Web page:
Church fires and science experiments: How Mic is using Facebook Live

On the night of May 1, the Serbian Orthodox Cathedral of St. Sava Church in Manhattan caught fire — and Celeste Katz, a reporter based in New York, was on it. She went straight to the scene and started recording footage live, for Facebook.

This would have all made perfect sense if Katz was a metro reporter for one of the city’s daily tabloids. But she is, in fact, senior political correspondent for Mic, a national millennial-focused news publication. So why did she film a local church fire for Facebook Live? “We’ve embraced it at the desk level,” said Cory Haik, chief strategy officer for Mic. If a news story is breaking and it has the potential to be a compelling live video, reporters are encouraged to go out and shoot it live for Facebook.

Facebook’s embrace of live video has compelled many publishers to embrace the format, experimenting with various approaches and shooting styles to see what sticks on the platform. Mic, which did 150 million total video views on Facebook in March, is no different.

Live video has become an integral part of the publisher’s Facebook video strategy, said Haik. Currently, Mic is doing 10 to 15 live video streams across its seven Facebook pages every week. The format is such a priority that it’s now a regular part of the daily morning editorial meeting, where reporters and editors discuss which story ideas make sense for Facebook Live — coverage so far has included breaking news as well as campaign events, rallies, speeches and protests during the current U.S. presidential election. It also hosts a weekly policy roundtable featuring in-house reporters and guests.

But while Mic is doing plenty of live video on news and politics, it understands the massive potential of video that doesn’t even remotely qualify as news. Just look at the most popular Facebook live video to date: BuzzFeed’s attempt to explode a watermelon, which at its peak drew 807,000 live viewers.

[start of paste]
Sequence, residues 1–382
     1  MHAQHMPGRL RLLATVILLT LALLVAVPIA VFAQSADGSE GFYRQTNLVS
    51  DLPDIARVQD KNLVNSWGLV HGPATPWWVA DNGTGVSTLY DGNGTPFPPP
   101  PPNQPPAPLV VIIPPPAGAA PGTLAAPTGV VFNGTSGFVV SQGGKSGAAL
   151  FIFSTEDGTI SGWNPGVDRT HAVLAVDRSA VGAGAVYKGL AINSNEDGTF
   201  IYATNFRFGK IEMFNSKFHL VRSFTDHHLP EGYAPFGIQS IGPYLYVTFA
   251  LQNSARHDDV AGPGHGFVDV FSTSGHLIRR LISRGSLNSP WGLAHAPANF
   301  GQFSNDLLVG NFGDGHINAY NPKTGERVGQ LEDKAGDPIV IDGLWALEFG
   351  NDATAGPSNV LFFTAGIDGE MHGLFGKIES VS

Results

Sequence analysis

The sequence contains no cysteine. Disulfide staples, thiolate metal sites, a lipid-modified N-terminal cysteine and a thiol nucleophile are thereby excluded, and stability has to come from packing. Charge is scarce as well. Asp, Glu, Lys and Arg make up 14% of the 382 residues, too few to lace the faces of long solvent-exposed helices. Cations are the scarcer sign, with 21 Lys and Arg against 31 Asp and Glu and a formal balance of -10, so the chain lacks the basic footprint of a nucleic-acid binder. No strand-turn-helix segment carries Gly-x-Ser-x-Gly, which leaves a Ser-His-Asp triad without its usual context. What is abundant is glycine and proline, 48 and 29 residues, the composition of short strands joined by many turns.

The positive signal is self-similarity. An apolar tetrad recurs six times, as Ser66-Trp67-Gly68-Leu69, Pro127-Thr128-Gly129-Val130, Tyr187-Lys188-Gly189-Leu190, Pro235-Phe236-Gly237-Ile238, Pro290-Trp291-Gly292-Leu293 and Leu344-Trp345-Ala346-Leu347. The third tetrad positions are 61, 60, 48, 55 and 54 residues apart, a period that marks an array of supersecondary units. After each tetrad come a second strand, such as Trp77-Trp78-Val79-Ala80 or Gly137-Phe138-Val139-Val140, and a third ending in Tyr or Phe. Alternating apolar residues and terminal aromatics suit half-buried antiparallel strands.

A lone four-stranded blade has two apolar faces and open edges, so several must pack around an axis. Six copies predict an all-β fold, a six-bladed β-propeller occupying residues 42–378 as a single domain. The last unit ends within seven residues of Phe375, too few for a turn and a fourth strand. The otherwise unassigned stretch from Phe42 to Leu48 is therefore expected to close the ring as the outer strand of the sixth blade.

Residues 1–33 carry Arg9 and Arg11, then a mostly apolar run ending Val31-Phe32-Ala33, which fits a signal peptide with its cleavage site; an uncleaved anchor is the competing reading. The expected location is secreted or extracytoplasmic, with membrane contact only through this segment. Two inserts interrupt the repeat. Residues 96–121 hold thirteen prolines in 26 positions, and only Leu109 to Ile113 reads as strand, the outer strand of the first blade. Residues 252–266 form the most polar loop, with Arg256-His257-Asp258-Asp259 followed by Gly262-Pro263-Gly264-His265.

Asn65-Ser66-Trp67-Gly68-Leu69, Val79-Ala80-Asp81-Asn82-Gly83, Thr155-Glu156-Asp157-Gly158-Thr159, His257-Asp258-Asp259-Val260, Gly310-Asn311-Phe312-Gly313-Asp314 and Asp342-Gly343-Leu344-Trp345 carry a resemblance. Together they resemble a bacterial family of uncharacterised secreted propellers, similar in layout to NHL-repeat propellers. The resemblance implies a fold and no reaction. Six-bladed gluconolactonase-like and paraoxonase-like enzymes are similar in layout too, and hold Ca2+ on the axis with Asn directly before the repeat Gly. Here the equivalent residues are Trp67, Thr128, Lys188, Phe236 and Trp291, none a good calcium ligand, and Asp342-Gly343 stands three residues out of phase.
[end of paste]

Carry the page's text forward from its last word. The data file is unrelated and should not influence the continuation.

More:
Mic has been experimenting with similar types of content. It now has a weekly Friday live show (BuzzFeed’s watermelon video also went up on Friday) in which two reporters conduct various technology and science experiments. Two weeks ago, they attempted to see how many balloons it would take to lift a model house into the sky — like the house from the Pixar movie “Up.” That video has been Mic’s most successful Facebook live stream to date, with 90,000 views since April 29.

Efforts such as that have struck some as thirsty: blatant cribbing from BuzzFeed’s playbook, a cheap ploy for views.

But Haik defends it. “It’s not any different than newspapers printing horoscopes, crossword puzzles, comics and movie listings, while covering Syria on the front page. You do all the things your audience might be interested in, because there are adjacent-type stories that can exist on Facebook.”

Looking ahead, Mic plans to weave in more regularly scheduled live programming on Facebook. In addition to the policy roundtables and the weekly Friday science experiments, it will launch “On the 7,” an interview series that takes place on New York City’s 7-line subway train. Another show, called “Writer’s Room,” will feature Mic writers cracking jokes about the news.

If all of this has a throwing-spaghetti-at-the-wall feel to it, that’s by design. Mic wants to see what sticks. Currently, the publisher’s live videos average 25,000 views. It’s in line with other millennial-focused news publishers like Fusion and Vox, which have plenty of live videos with view counts in the 10,000 to 30,000 range.

The focus is on building audience, but publishers are increasingly anxious about monetizing video there, too. Mic, for instance, developed a custom in-video banner ad unit that it ran on select editorial videos on Facebook. It was forced to cut the ads when Facebook said it violated its evolving branded content policies, according to the Wall Street Journal. (Haik declined to comment on the WSJ report.)

“There is not an exact path to monetization that’s right in front of us, but Facebook has been clear to publishers that they know it’s important to us,” she said. “We fully expect that there will be some vehicle for monetization.”

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